In this week's show I have a look at a couple of recent blitz games. The first was a GM vs. IM battle, with both sides making lots of errors in an ending. Nevertheless, several of the mistakes are instructive, and thus not only of schadenfreude value. The second goes in a different direction: it's a nice but short attacking effort by yours truly, complete with a winning combination. Consider it dessert.
The show is free as always (free registration required) and will be available on-demand for the next month or so.
A friend of mine was watching some games on ICC a few days ago, and wanted me to have a look at a completed 3' + 2" blitz game between two GMs. White had a knight and pawn vs. two pawns, and although his pawn was safe and the enemy pawns were blockaded, he was unable to win it. My friend's first thought was that it was an amusing display of GM incompetence (something that's always possible in speed chess, of course), but then I spent a few minutes trying to figure out how to win the ending without getting to the bottom of it either (I did make some progress, though). Admittedly, I wasn't trying my very hardest, but it wasn't a completely trivial effort either.
So have a look and see how you do. It's White to move here (Black has just played 41...Kc4):
You can see for yourself what happened in the game; as for what should have happened, I'll post that in a day or two.
The worst bishop is better than the best knight, some wag from the old USSR used to say, and while it's an exaggeration it's also true that in a strong player's hands the bishop's long-range powers come into play more often than one might expect. That's just what happens in the recent GM game Gennadij Ginsburg-Pavel Eljanov, which I present here. The game started off with an early exchange-fest, reaching a bishop vs. knight ending on move 20. The position looks as equal as can be, but Eljanov, with the bishop, grinds his opponent down and wins in an instructive, seemingly textbook fashion.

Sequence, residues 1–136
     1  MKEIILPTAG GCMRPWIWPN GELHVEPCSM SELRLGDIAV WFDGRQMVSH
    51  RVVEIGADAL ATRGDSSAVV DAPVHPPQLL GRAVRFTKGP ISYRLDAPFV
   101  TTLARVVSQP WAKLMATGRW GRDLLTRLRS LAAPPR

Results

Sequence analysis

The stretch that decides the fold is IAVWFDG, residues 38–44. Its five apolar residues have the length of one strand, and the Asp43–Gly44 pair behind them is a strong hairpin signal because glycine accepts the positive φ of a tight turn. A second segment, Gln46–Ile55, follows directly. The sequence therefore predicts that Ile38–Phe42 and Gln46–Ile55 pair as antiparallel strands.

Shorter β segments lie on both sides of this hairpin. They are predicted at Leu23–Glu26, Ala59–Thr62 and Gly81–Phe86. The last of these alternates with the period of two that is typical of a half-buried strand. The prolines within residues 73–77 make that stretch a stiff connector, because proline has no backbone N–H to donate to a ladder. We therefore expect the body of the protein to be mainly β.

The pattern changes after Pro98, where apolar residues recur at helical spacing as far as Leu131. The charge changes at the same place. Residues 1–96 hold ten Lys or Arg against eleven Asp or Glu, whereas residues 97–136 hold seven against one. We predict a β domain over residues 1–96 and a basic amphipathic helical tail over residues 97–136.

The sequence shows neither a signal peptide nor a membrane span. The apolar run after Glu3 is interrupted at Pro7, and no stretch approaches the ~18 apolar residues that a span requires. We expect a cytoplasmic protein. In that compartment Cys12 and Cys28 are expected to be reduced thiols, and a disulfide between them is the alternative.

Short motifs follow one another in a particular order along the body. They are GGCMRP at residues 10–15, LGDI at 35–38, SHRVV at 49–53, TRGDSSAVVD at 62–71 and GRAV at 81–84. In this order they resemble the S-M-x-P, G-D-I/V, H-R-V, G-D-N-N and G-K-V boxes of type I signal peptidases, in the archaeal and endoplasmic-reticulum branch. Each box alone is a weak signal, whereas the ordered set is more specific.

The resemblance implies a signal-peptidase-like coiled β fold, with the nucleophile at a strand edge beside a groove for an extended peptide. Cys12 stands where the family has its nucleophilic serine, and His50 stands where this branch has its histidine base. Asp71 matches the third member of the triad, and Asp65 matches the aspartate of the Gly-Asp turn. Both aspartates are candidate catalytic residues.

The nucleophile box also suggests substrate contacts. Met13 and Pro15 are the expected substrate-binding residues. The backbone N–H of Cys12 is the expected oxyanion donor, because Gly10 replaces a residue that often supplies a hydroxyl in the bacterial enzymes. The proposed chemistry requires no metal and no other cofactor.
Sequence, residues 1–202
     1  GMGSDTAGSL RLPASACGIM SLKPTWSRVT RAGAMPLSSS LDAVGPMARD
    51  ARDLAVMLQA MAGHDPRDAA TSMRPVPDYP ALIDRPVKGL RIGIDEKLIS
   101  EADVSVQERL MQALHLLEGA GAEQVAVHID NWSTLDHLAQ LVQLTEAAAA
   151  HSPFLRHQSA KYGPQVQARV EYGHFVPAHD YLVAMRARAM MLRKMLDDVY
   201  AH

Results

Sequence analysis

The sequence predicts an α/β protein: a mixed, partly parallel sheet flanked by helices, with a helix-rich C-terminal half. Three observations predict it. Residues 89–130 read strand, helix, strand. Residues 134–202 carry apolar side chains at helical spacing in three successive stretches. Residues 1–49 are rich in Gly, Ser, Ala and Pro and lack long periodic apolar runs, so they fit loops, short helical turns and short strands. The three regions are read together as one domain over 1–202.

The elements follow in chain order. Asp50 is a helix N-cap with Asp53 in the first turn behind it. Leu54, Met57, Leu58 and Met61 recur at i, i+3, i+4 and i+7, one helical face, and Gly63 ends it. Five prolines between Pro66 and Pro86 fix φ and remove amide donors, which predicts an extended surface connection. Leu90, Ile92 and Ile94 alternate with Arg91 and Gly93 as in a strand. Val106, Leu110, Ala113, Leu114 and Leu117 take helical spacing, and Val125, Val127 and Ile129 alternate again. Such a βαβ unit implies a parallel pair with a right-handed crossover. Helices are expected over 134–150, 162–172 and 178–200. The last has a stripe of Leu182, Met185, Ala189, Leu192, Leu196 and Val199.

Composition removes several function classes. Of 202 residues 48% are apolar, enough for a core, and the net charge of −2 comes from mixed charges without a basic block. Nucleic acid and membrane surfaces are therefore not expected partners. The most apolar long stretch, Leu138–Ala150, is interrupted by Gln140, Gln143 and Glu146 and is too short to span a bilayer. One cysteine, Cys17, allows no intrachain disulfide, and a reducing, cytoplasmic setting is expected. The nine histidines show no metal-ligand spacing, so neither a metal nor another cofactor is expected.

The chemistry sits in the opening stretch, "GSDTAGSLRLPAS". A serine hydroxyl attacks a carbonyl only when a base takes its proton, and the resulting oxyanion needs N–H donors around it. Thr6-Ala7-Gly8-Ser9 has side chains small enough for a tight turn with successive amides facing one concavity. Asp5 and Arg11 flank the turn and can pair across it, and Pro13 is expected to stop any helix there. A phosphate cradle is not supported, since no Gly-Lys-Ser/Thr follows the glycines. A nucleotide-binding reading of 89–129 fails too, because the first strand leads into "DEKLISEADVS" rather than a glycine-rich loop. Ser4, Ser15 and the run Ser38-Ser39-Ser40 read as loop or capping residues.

GM technique at its finest? Watch and see! The show is free and available on-demand (for about the next month) or so, and should be watched very carefully. (You'll see why!)
In round 5, the leaders in Aeroflot, both (surprisingly) from Vietnam, drew their game. Only one of the players in the closest chase group caught them, and round 6 maintained the status quo. Therefore, Le Quang Liem, Nguyen Ngoc Truong Son and Boris Grachev share first with 4.5 points, half a point ahead of 11 others, including Bacrot, Naiditsch, Cheparinov and So. (More details here and here.)
Meanwhile, for your entertainment, here are two games from the last two rounds. From round 5, we have McShane McShaning another opponent, while the round 6 game Bacrot-Bareev can be filed under "blink and you'll miss it".
The games are here.